Monthly Archives: July 2014

Improve Your Home’s Natural Light

34152-1f6dd-7fcfd-cde62-7a8afWhen it comes to remodels and home upgrades, many owners with older houses are looking for ways in which they can update their surroundings.  Yes, there’s something to be said for the unique design of many aging homes that boast a certain level of charm; however, one of their largest complaints generally revolves around closed-off floor plans and a general lack of natural light.

If you’re looking for a quick fix to brighten things up, the easiest solution would be to add recessed lights or sconces, or to paint the interior walls in a light color.  Still, since natural lighting tends to be a quick mood booster—which has been shown to make people happier and more productive— adding sources of extra daylight can produce some wonderful benefits as well.

Daylighting, as it’s called, is the process of using window placement to maximize the natural light in a space.  By making rooms appear larger, it not only reduces electricity bills, but reduces eye strain and boosts energy.  However, while a great choice for any dark home, it’s important to remember that there are varying ways to increase natural light which may vary for each particular house.

1.) WINDOWS:  It’s not surprising that windows tend to be the most utilized way to allow the flow of natural light into the home, but it’s important to remember that a myriad of different glasses can be used in the process.  If glare reduction or privacy is something you’re concerned about, your windows can be tinted or installed with a low-transmittance glass which, even on cloudy days, will still fill your entire room with light.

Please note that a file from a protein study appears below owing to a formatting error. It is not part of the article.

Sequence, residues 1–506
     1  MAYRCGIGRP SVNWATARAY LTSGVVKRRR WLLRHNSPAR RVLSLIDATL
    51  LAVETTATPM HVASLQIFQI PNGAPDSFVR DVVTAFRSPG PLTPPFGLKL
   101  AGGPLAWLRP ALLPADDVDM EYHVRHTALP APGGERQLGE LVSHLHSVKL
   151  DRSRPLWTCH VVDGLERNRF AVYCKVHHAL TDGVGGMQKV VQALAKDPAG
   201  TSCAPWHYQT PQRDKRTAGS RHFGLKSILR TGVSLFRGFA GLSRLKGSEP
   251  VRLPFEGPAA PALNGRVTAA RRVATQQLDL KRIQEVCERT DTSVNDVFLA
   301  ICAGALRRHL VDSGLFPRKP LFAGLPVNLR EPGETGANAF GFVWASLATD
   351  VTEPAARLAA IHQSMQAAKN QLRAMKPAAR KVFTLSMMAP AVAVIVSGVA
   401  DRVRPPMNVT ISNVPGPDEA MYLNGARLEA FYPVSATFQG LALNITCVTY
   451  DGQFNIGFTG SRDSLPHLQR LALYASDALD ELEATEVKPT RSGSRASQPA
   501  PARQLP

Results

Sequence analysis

Another glass option, which should be a consideration if you’re looking to reduce heat flow, is to select low-emissivity windows which are layered with an extremely thin, transparent metal coating.  For these types of windows, specifically ones which are rated with the Energy Star logo, homeowners may even be eligible for a government tax credit of up to $500.

2.) SUN TUNNELS:  Not to be confused with skylights, sun tunnels are an easy option which has become a popular choice for homeowners looking to attain a brighter atmosphere.  In short, they consist of metal tubes which are installed through the ceiling and out the roof, which allows light to flow into the room.  With the possibility of installation on different roof pitches, the top part of the tunnel consists of a low profile dome, which allows light to pass without allowing heat in or out.

Much like the different types of energy efficient windows that are perfect for the walls of your home, these may also qualify you for a tax credit; however, it’s important to note that, since sun tunnels do not have shades, they should only be placed in rooms where you always want light to flow in.

3.) SKYLIGHTS:  In the past, many homeowners with skylights found out the hard way that leaks were and all-too-common occurrence; however, their production and installation has come a long way.  With leak-proof flashing that can now fit any type of roof pitch, homeowners also have the option of selecting single or double pane glass, which can help reduce heat loss.  Additionally, while many people assume that skylights have to be closed off—similar to a picture window—some types can actually be opened to allow ventilation.